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The Tailor
The Tailor

New York State’s longest-running short film showcase will roll into two historic western Queens venues this week.

Asbury Shorts USA will hit the big screen at The Zukor Theatre in Kaufman Astoria Studios on Thursday, Oct. 19, and Friday, Oct. 20, starting at 7:30 p.m. Plus, both nights will end with an after-party in The Astor Room, an affiliated, adjacent restaurant at 35-11 35th Ave.

This 37th annual extravaganza combines internationally renowned favorites from the past with winners of current festivals this year. And attendees can expect everything from comedy to animation to narrative.

A longtime favorite, “Fair d’hiver,” will return. The seven-minute dark comedy, which was nominated for an Oscar in 2003, takes place in a traffic jam on a snowy winter evening in Belgium. The increasingly frustrated protagonist uses his brand-new cell phone to call home with news that he will be late. His young daughter answers the landline and tries to calm his anguish by informing him that her mother (his wife) is upstairs with Uncle Wim. Of course, there is no Uncle Wim in the family.

The Quality of Mercy,” which won Best Short at a Montreal World Film Festival, is also on the list. Directed by Stephen Marro, this 12-minute short stars Tony- and Emmy-winning actress Mary Louise Parker (Showtime’s “Weeds”) as a struggling actress who accidentally shares a café table with the head New York Times theater critic.

Dad in Mum,” a six-minute piece by French director Fabrice Baracq that won the Audience Choice Award at a recent Almería en Corto Festival in Spain, is also on the docket. In this comedy, two incredibly cute young sisters wake up in the middle of the night to strange sounds coming from their parents’ bedroom. They start asking each other questions, and their imaginations soar until they must investigate.

Youth will be served again with Tamar Halpern’s “Death, Taxes & Apple Juice,” which won the Audience Award at a recent Los Angeles Shorts Film Festival. A 9-year-old girl ponders the meaning of life as a similarly aged friend helps her file her taxes in this eight-minute piece.

The old Jewish joke about “Marcus Pincus the Tailor” will be retold in Neil LaBute’s “The Tailor,” which won Best Short in the 2011 Litchfield Hills Film Festival. Done in black-and-white and almost completely silent, two Hasidic boys suspect that the black suits they buy from their tailor, Marcus Pincus, are actually navy blue. They cook up a plan to compare the colors of their suits to those of two nuns’ habits. Later, suspense soars as the boys and nuns approach each other on a Brooklyn street.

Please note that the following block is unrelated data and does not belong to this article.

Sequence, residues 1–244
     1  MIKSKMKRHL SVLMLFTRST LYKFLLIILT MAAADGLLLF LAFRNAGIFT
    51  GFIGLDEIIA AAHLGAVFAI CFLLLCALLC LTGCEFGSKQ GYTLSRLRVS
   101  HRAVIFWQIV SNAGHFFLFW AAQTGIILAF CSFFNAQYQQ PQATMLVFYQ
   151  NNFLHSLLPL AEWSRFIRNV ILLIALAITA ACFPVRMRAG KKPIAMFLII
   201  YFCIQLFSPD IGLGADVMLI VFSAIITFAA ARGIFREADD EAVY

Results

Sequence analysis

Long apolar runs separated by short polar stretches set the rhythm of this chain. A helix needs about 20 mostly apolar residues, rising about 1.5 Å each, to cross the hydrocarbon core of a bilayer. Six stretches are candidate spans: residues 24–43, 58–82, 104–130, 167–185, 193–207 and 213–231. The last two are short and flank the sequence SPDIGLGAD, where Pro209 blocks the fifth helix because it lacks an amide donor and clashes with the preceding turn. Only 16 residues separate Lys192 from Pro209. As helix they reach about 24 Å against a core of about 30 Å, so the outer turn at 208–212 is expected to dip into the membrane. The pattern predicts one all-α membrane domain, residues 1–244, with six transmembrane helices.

Here are some more scheduled works.

  • “Wired,” nominee for Student Academy Award, British Academy of Film and Television Arts;
  • “LOOT,” winner of Audience Award for Best Short Film, New York City Short Film Festival; and
  • “Lunch,” Asbury Shorts Hall of Fame Inductee and Sundance Film Festival Jury Finalist.

Asbury Shorts USA was founded in a church basement near Asbury Avenue in Long Island’s Westbury in 1980. At first, the programs consisted of college and indie works with occasional visits by local radio personalities and others in the entertainment industry. In 1987, the event moved to the Fashion Institute of Technology in Manhattan. From there, its popularity took off, and now it’s a traveling show that presents at venues such as The Museum of Fine Arts Boston, Lake Shore Theatre in Chicago, Central Park’s SummerStage, The AERO Theatre in Santa Monica, Royal Festival Hall in London, and the Leminske Theater in Berlin.

The Zukor Theatre is part of Kaufman Astoria Studios. It is named after Adolph Zukor, who founded Paramount Pictures and used to work there in the 1920s. The Astor Room was the commissary to Zukor’s studio. The Marx Brothers, Rudolph Valentino, Charlie Chaplin, W.C. Fields, and other stars from the era worked at Kaufman Astoria Studios and hung out at The Astor Room. In fact, rumor has it that Valentino’s ghost still shows up for a drink every now and then.

Tickets cost $15. The films are recommended for audiences ages 16 and above.

Images: Asbury Shorts

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